What's going on?
Airbnb reported better-than-expected quarterly results earlier this week, as travelers try to make this whole downtime thing last as long as they possibly can.
What does this mean?
The world’s working from anywhere but home right now, and it’s doing wonders for Airbnb: the company logged 16% more 28 night-or-longer bookings last quarter than the same time in 2019, as nomadic workers extend their stays for weeks at a time. And they’re living in style, flocking to more expensive locations and forking out on average 20% more a day.
That helped Airbnb make $55 million in profit last quarter – a welcome turnaround from its $3.9 billion loss the same time in 2020. And since the company reckons bookings will reach pre-pandemic levels again soon, it gave a much better-than-expected revenue outlook for this quarter – prompting investors to send its shares up 4%.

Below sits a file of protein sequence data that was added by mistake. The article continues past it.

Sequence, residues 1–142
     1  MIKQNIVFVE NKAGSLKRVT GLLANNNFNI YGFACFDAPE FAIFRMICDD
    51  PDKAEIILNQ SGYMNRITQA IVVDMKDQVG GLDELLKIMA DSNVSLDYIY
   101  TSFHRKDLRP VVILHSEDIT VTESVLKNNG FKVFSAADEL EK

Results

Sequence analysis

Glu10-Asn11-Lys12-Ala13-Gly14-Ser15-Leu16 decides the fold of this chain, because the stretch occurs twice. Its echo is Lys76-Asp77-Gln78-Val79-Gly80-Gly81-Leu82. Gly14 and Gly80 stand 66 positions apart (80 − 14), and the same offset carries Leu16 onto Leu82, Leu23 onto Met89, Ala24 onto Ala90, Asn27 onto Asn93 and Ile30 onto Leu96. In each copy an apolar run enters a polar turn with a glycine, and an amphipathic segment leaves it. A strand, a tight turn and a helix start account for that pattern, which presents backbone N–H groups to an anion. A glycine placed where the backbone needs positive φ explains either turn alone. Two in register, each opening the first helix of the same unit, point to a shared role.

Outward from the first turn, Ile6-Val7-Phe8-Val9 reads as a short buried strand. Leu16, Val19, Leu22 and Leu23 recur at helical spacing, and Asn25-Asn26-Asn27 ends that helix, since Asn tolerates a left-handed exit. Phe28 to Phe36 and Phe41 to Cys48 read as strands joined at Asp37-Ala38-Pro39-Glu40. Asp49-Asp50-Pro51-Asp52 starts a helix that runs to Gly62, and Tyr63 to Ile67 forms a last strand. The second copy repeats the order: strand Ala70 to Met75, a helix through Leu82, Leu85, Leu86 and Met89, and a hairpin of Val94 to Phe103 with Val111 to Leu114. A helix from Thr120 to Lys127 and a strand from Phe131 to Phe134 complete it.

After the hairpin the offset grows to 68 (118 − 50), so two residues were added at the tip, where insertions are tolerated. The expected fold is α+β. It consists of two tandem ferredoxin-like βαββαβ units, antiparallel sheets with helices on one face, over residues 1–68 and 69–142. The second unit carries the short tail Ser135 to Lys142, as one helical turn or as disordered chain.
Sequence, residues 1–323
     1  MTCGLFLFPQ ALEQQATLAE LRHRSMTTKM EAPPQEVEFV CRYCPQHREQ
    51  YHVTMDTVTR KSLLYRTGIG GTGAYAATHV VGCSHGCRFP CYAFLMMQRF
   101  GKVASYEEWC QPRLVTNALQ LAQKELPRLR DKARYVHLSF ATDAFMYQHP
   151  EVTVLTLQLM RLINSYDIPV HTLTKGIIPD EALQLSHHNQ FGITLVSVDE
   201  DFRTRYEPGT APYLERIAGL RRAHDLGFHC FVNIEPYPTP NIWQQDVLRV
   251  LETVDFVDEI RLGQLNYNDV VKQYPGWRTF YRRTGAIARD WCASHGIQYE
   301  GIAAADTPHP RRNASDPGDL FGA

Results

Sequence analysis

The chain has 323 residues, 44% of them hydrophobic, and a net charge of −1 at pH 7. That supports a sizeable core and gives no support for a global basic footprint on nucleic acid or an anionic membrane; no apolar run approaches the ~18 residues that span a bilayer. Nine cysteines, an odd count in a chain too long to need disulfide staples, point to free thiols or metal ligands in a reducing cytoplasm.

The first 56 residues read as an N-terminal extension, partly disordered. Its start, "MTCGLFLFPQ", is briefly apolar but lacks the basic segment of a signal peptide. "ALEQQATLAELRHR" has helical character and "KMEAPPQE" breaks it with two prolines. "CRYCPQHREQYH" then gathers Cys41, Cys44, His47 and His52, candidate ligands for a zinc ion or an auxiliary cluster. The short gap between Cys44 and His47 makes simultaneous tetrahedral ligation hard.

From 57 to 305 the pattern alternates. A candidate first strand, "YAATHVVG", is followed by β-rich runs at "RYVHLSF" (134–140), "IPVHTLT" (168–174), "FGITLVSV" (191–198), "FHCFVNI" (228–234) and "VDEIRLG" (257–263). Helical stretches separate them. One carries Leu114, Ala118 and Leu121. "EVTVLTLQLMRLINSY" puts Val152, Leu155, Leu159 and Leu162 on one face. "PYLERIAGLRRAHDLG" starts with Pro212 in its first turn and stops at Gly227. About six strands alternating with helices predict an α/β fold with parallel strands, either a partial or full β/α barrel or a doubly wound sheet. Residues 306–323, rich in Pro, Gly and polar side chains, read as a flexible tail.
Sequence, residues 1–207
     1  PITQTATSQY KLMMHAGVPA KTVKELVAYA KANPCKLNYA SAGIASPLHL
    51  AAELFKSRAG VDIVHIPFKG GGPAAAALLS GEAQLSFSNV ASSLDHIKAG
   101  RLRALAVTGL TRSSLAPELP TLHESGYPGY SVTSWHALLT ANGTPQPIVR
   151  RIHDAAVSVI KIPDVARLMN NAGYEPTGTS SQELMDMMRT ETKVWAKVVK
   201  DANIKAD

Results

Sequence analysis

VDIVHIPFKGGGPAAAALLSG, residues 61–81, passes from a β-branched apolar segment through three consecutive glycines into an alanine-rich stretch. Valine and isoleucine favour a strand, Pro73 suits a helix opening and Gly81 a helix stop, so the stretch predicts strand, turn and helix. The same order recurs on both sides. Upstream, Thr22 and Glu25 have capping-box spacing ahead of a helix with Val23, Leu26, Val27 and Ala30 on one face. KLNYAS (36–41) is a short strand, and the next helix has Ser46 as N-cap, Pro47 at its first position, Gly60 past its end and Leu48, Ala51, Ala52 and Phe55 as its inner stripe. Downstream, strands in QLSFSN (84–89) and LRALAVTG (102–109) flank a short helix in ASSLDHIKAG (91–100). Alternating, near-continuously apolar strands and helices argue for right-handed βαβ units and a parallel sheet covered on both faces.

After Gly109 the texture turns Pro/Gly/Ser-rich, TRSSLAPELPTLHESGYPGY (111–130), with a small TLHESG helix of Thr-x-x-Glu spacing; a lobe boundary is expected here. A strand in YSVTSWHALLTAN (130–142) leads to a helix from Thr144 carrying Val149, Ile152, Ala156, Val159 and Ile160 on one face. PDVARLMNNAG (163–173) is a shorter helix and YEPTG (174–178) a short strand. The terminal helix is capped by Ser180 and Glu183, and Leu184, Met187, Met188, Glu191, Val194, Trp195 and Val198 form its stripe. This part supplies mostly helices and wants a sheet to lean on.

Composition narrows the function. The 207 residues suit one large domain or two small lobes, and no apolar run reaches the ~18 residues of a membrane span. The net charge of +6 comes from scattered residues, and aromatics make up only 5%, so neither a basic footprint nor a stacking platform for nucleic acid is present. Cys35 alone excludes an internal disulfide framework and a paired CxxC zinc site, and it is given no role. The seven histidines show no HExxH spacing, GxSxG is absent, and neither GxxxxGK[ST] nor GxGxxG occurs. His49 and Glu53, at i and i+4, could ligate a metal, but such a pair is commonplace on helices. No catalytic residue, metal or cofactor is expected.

Why should I care?
Zooming in: More hosts, please.
Still, all those travelers need somewhere to stay, and Airbnb’s been struggling to sign up new hosts even as pandemic restrictions relax. In fact, there were only 7% more active listings last quarter than the same time in 2020 – particularly measly given a 59% uptick in overall bookings over the same period. But that might change soon: Airbnb reckons high inflation – which is forcing some households to earn extra money any way they can – will turn even more homeowners into hosts.
The bigger picture: Travel’s back.
The travel bug is working in Expedia’s favor too: the online travel agent also posted strong quarterly results last week, as its Vrbo booking platform helped it more than double its revenue last quarter. Those results – along with Airbnb’s – suggest the travel industry is bouncing back after two years of disruptions. And so does this: a recent survey shows that around 70% of vacationers in countries like the US, UK, and Japan plan to spend more on travel this year than they have in the past five years (tweet this).